Ian's grandfather had grown up eating lambsquarter greens, and Ian had often eaten them too. In background research for the book, we began experimenting with the seeds and the stew. In Oklahoma, the seeds are ready for harvesting around Thanksgiving. In ancient times, the seeds heads were cut off the plant. These sheaves were hung up over a hide or a mat to collect the seeds as they dried and dropped off. At the right season, the seeds can also be stripped by hand right off the plant and into a container. We found that one large lambsquarter plant can easily produce a cup of seed.
After some experimentation, the lambsquarter stew recipe that we arrived at is a follows: Place a handful of dried seeds on the counter. Draw them into a long, narrow line, with the hands. Run a rolling pin back-and-forth about 30 times pressing down hard, to crack open the tiny seed shells. Archaeological evidence suggests that the seeds were often parched previous to this step. However, due to their small size, a volume of lambsquarter seed has far more surface area than does an equal value of corn. This means that parching these seeds even very lightly quickly gives the stew a bitter taste. Put the seeds in a pot of water, using about the same measurements that you would use to boil quinoa. Add in fragments of shelled hickory nut. Boil gently for about 45 minutes.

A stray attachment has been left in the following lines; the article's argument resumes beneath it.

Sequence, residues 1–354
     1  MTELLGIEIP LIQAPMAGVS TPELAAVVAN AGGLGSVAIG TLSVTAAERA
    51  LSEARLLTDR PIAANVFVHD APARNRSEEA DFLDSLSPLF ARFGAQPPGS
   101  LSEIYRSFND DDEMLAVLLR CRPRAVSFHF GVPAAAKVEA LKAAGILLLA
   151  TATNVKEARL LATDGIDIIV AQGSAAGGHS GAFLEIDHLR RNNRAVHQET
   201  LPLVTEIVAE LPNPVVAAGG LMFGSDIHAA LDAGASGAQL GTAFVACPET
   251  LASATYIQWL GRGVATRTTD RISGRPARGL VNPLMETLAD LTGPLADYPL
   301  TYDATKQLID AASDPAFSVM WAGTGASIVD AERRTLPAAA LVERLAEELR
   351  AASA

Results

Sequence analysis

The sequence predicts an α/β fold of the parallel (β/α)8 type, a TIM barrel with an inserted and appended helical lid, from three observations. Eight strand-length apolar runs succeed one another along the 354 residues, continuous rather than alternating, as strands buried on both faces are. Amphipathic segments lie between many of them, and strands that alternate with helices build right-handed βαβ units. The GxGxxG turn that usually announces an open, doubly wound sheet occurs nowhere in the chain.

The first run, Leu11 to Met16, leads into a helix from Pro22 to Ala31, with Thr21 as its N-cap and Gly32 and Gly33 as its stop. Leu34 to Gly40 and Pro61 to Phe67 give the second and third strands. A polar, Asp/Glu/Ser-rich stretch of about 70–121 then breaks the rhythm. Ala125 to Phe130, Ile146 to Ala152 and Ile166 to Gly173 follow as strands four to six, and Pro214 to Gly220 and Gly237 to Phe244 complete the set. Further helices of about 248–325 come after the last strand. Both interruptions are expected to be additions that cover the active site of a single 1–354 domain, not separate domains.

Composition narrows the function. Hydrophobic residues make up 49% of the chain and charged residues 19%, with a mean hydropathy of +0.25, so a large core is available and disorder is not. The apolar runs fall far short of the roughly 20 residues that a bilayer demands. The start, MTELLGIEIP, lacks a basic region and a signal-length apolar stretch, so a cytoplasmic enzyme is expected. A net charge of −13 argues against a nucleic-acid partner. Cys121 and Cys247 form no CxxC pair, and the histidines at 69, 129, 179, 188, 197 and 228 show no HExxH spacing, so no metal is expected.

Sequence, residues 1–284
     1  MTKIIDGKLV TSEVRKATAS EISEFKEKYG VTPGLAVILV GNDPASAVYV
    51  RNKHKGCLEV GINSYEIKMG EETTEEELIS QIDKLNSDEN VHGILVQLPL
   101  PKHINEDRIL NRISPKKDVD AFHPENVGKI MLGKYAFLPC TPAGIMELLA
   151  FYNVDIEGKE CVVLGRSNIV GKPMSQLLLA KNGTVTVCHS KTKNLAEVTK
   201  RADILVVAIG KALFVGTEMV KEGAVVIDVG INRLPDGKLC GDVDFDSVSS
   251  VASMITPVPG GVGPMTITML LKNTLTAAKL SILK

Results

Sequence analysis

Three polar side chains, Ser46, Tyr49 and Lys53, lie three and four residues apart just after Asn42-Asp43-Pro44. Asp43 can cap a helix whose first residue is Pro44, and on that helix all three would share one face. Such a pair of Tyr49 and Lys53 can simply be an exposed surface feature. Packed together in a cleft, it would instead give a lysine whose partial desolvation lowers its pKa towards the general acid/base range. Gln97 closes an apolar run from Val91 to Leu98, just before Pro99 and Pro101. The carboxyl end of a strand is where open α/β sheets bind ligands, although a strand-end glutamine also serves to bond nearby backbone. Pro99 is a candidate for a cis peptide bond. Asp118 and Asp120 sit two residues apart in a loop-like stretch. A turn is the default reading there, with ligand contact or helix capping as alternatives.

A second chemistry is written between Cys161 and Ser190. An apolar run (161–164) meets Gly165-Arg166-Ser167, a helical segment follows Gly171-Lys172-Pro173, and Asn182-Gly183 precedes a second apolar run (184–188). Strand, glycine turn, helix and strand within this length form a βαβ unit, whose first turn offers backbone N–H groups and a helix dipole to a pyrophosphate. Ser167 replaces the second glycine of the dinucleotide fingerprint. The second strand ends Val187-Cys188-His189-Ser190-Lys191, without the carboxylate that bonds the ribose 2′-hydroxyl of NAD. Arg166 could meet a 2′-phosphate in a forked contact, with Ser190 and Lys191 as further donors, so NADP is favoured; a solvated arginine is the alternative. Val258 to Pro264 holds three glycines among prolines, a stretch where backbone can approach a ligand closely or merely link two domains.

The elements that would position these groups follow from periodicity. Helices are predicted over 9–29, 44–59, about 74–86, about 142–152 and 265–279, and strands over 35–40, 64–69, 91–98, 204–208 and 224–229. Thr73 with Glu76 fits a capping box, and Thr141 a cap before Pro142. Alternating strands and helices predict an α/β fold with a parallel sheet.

Lambsquarter stew brings out ancestral connections. As we were cooking it for the first time, the pleasant, earthy smell seemed incredibly familiar, even though neither of us had experienced it before. The taste of the stew is quite good, something like a cross between quinoa and turnip greens. With the hickory nuts, it's quite hearty. Dropping in chunks of seared stew meet to the stew adds another level of complexity and flavor.
The picture attached to this post is the new one that Ian took last week for the book. In the foreground is the finished stew; in the background are the dried lambsquarter seeds. The two pots in the photo were recently made from clays from Ada and Farris, OK. Both ceramics are made in a style that was common in the South 2,000 years ago, when lambsquarter stew was at its height of popularity.
One of the goals of the Nanih Way Farmstead is to find practical ways to implement the knowledge of our Indigenous ancestors in the 21st century. Lambsquarter is a great example of the possibilities. A few years back, we experimented planting the seeds in our garden in rows, like spinach. The result was a 5-ft tall edible hedge, that never had to be weeded or watered. Vigorous, already adapted to the environment of Oklahoma, the plant has few pests, and doesn't have to be genetically modified or sprayed with toxic chemicals to do well here. It can produce when the corn crops fail. Ancient Native American crops, like lambsquarter represent exactly the kind of resiliency that our food supply needs heading deeper into the 21st century. These Native American food plants should have a future as well as a past.